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Graham Norton and Mel Giedroyc say showbusiness is a cruel mistress

The Let It Shine duo talk Take That, Bake Off, and Honey G

Published: Saturday, 28th January 2017 at 9:00 am

Old-fashioned song and dance seems to be taking over Saturday nights – why do you think that is?


MEL GIEDROYC The world is such a blooming topsy-turvy, fragile, bleak place. That’s why we watch shows like Let it Shine and Strictly. People need to escape. Last year Strictly was a lifeline for me – an escape into the sequins and feathers and nonsense...

Was that because of the Bake Off furore?

MEL It was a pretty weird time. The press were camped out on my doorstep. My eldest daughter actually saw a few of them off, which I was very, very proud of. I’m not the kind of person who would court that sort of attention. I have a very private existence and I had to slightly clench my buttocks during that.

GRAHAM NORTON Did they think Mary Berry was going to come round for a talk?

MEL Yes! They were like fishermen. They had these little comedy stools and they would just sit there. It was very odd.

So a popular Saturday show has to be escapist?

GRAHAM People get a bit snobby about “popular”, but I love mainstream telly. It’s also about watching people who are good at something – there are no Honey Gs in Let It Shine, the contestants are properly talented. If I wasn’t in this show, I would watch it.

Are you creating an antidote to X Factor culture?

GRAHAM I hope so. I think the cruellest thing about some of these shows is when the contestants are promised something that’s never going to happen.

I mean there’s Olly Murs and there’s One Direction and most people do end up somewhere better than where they were, but they don’t end up where they wanted to be or where they were told they were going to be. We’re not saying to these people that they’re going to have gold records and live in a Beverly Hills mansion. We’re saying you’re going to be on a bus, and staying in digs. What we’re telling them is real.

Let It Shine is looking for the new Take That – but what about the real thing? Have you taken to Gary Barlow and the band?

GRAHAM Take That are so much more lovely than we have any right to expect. They should be monsters by now, or at least damaged. They obviously come from good homes with good parents who screwed their heads on and then sent them out into this mad world, and amazingly they came back sane.

MEL Gary reminds me of a Zen master. He’s very centred and very focused, but in a lovely way.

GRAHAM Perhaps it’s something to do with those missing years. If you get a second bite of the cherry – and a huge, bigger bite than the first time – you must go, “We are the luckiest boys on planet Earth and we’ve got no right to complain about anything. Let’s just enjoy this and love it.”

MEL They are so loved. When any of the band actually hits that stage on the show, the reaction is unbelievable.

Is it wise to prepare for unpopularity?

GRAHAM Always. When I was on the first series of my chat show I was doing a gig with someone who said, “Isn’t it great, we never have to go back on the circuit.” But I was thinking, “Not me. I’ll be dusting off that terrible material any day now.” And of course, poor guy, now I see his name on comedy club posters.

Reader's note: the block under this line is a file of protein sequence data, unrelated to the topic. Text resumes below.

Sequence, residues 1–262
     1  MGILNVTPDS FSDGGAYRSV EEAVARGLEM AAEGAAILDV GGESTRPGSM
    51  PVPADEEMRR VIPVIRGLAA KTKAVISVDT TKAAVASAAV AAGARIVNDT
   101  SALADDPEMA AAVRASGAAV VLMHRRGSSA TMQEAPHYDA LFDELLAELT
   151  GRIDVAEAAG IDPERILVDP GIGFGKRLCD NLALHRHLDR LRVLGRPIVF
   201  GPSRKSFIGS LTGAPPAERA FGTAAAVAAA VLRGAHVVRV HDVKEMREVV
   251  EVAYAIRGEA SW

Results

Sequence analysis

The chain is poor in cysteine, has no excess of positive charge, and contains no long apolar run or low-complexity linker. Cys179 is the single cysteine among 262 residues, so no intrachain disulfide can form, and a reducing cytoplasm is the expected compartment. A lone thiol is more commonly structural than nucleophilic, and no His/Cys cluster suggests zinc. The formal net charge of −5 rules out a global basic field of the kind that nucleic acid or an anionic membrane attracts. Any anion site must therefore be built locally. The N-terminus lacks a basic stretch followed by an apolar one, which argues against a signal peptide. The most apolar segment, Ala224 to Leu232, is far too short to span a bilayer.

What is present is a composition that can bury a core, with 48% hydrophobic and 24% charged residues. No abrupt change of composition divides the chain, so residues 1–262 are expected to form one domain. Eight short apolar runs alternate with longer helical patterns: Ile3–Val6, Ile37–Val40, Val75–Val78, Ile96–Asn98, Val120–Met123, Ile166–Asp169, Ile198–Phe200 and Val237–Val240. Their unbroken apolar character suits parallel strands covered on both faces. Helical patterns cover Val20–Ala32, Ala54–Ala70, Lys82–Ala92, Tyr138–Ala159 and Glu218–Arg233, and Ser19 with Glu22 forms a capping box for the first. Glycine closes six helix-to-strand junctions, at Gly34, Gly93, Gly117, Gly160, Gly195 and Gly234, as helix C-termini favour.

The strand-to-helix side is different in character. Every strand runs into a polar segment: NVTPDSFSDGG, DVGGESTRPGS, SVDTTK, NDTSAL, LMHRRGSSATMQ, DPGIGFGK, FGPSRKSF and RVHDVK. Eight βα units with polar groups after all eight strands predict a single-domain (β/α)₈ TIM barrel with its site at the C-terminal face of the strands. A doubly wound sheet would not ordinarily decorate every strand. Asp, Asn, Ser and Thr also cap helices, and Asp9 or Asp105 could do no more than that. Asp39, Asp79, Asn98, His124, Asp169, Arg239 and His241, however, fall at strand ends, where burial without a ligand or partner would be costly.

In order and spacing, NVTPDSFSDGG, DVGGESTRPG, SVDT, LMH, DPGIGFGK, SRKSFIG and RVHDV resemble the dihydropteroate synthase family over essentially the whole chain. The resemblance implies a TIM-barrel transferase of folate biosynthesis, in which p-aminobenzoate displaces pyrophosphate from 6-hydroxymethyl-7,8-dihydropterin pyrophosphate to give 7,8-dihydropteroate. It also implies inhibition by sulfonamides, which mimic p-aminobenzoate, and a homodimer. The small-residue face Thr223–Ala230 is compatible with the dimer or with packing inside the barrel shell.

MEL Showbusiness is a cruel mistress.

Did you really think you’d be back on the circuit?

GRAHAM Well, I got quite badly burned doing [2009 entertainment show] Totally Saturday – it was awful. It became hysterical, working on a huge turkey that refused to die.

Did you have to do it?

GRAHAM Well, no – they can’t make me do something, it’s not cattle production. But at some point I thought, well, I do work for the BBC and somebody’s got to host these shows. If I could avoid everything that wasn’t a hit, I would. But that’s the nice thing about working for the BBC – at Channel 4, if the press hate your show, then they hate you. If you’re at the BBC, they hate the BBC more than you. So it kind of takes the responsibility off.

What’s it like when a show does fail?

GRAHAM Yes, Mel, what’s it like?

MEL You take these things on the chin. It’s an upsy-downsy type of venture. When you’re making the hay, it’s fantastic – but you keep in mind that it might all finish. I always go into everything totally optimistic. I think, “This is going to be absolutely great...” I’m ludicrously optimistic. I mean, actually I’ve got to get treatment for it.

So, a long life of light entertainment looms ahead?

MEL I’m such an old ham, I really am. And you’ve just got to embrace what you are.

GRAHAM It’s also what you’re good at. I don’t know if you’re the same as me, but I grew up not valuing the things I was good at. I always wanted to do the other things. Then eventually you realise, actually, not everyone can do this thing. So maybe I should.

If it all dried up, would you do Strictly?

GRAHAM It’s live, 12 million people are watching, now off you go and cha-cha? I think I might wet myself.

MEL I was asked and I said no. I love watching it so much I almost didn’t want to spoil the pleasure by being on it. And it’s tricky for a woman moving into middle age. You’re not the comedy old bag yet, which would be the joy of going on Strictly. If I did it, I’d want to be Ann Widdecombe. I’d want to be out there getting the laughs, being dragged around.


Let It Shine is on BBC1 at 7pm tonight


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